Measuring success through profit recoveryThere is more to profitability than simply more tonnes and higher metal recovery
There is more to profitability than simply more tonnes and higher metal recovery
By Brent Hilscher
October 23, 2018
Courtesy of Brent Hilscher
It is easy for mining operations, and humans in general, to develop tunnel vision when it comes to focusing on a few easily measured key performance indicators (KPIs). In mining and mineral processing, the three big KPIs tend to be tonnage, recovery and product grade. Profit is very rarely used as a serious metric for operators and engineers.
Losing sight of the big picture – profit – can lead to mines spending millions of dollars processing waste in an effort to boost tonnage and metal recovery, while missing opportunities to reject waste and therefore improve profits.
Profit recovery is a simple way of viewing your mill feed in order to maximize profit, not just tonnage or metal recovery.
Profit recovery was developed to evaluate the potential and the performance of ore sorting systems, particularly in a semi-autogenous grinding (SAG) feed. It is similar to metal recovery, but takes into account the cost of processing and tailings disposal. Once costs are accounted for, a low-grade rock could lose an operation money if processed. Like metal recovery, any high-grade ore accidentally rejected by the sorting system hurts the recovery. But unlike metal recovery, any low-grade waste rocks sent to the mill will hurt profit recovery since money is lost in processing the waste. By admitting the losses involved in processing waste, we are able to create a more useful and concise metric to measure performance.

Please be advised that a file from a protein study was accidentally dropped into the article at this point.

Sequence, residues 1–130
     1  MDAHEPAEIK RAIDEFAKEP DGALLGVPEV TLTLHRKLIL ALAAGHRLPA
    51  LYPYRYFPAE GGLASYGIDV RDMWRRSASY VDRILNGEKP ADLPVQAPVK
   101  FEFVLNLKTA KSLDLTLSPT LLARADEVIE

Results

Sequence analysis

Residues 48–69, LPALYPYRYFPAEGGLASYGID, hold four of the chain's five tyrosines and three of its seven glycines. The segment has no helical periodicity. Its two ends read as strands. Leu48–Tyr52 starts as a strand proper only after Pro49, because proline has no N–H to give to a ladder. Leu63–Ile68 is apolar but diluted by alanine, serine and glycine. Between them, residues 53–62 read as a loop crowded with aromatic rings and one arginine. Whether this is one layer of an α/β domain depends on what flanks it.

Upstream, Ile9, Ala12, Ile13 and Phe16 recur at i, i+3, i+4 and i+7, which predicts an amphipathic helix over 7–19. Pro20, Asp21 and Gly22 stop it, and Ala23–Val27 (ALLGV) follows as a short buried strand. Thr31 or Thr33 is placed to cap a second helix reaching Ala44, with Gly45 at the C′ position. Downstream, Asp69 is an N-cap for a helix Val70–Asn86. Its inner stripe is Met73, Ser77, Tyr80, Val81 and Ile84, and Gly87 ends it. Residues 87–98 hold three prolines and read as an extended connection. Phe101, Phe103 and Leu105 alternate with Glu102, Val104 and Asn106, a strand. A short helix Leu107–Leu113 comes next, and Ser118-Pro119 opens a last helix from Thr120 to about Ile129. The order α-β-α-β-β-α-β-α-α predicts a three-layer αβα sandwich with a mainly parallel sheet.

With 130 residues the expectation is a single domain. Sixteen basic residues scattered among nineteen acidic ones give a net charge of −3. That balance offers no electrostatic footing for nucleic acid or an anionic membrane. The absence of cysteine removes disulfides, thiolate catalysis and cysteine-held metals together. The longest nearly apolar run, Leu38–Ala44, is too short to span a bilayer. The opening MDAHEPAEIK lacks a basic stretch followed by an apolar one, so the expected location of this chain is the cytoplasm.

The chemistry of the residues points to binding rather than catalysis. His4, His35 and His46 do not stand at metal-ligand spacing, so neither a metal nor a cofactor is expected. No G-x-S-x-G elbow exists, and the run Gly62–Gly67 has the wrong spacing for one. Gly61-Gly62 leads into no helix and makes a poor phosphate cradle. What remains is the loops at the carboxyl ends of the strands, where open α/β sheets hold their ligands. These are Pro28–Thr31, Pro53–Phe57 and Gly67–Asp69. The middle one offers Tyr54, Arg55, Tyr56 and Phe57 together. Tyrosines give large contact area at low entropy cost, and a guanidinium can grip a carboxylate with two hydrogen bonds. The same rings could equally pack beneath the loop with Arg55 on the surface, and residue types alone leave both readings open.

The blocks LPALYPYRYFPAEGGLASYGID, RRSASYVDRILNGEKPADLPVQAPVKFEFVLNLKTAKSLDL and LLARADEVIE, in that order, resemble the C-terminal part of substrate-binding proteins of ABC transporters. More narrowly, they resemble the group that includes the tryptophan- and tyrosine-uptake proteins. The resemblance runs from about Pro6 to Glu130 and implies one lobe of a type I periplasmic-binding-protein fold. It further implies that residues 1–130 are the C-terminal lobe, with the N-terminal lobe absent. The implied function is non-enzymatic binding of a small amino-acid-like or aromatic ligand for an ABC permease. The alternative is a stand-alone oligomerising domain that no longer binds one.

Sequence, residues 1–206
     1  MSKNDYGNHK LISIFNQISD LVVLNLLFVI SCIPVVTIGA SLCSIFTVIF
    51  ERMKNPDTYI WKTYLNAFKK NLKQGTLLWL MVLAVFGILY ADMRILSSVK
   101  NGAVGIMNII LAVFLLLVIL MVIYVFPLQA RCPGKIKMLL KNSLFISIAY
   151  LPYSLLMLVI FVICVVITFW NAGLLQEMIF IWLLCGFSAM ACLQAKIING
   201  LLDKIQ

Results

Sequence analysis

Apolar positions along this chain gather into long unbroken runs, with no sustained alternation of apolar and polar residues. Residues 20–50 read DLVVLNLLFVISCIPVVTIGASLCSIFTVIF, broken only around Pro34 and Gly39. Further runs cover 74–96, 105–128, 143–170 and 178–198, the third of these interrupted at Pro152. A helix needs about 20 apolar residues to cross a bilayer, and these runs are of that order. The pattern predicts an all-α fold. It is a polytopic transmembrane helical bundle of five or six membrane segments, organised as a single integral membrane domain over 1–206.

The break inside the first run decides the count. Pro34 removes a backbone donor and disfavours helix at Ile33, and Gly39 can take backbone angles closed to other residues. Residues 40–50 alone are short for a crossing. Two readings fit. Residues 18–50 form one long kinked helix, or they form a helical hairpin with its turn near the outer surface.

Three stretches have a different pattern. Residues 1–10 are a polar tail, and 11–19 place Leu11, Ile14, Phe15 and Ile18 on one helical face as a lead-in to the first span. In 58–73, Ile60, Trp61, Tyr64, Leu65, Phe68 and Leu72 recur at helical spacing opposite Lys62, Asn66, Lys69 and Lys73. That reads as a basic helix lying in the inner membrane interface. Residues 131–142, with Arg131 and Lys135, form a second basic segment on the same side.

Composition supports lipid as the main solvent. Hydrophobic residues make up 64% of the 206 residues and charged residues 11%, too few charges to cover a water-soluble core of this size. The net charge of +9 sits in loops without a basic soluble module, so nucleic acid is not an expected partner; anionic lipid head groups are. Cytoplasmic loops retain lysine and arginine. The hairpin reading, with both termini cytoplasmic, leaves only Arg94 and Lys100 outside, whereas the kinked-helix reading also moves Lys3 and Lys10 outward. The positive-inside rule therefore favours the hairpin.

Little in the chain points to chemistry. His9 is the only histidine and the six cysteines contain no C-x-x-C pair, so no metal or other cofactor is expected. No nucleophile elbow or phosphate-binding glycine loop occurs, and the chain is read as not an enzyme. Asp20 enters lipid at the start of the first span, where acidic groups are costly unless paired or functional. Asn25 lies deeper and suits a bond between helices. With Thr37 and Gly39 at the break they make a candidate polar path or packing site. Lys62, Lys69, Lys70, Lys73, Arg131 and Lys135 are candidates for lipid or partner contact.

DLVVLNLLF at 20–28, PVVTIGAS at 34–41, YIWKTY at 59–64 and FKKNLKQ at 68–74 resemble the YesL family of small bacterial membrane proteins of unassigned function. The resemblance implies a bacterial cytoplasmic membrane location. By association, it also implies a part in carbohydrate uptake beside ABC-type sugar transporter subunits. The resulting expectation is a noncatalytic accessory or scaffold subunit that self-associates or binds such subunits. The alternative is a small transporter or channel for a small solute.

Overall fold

A CMP 2018 paper demonstrated that three different sites operated by three different companies – Barrick Gold, McEwen Mining, and New Gold – each experienced a 50 to 75 per cent profit recovery range in their current layout. A 50 per cent profit recovery indicates that half of the potential mill profit is spent processing waste. A 75 per cent profit recovery indicates that a quarter of potential profit goes to waste-processing costs. Testing indicated all three operations could use sensor-based ore sorting to boost profit recovery to over 90 per cent. Every operation is different, but about half of the rocks in a typical SAG mill feed are below cut-off grade. Rejecting most of those waste rocks and replacing them with ore will yield tremendous economic and environmental benefits.
The new metric of profit recovery is simple and visual. It is a conservative measurement, as it does not include the potential to increase the resource or mill metal production. The metric also omits the environmental benefits of reduced power consumption, CO2 emissions, and water consumption. Complex benefits are included in later economic studies, but KPIs need to be simple to calculate and track. Profit recovery focuses on the big picture cost savings realized in processing fewer waste rocks. How companies optimize after that is up to them.
As innovation in mining accelerates, the most successful engineers and companies will be those who can see beyond their local KPIs and understand the larger picture. These engineers and their companies will have the rare opportunity to lead the industry in both environmental stewardship and corporate profitability.
Brent Hilscher is principal engineer at Sacre-Davey Engineering.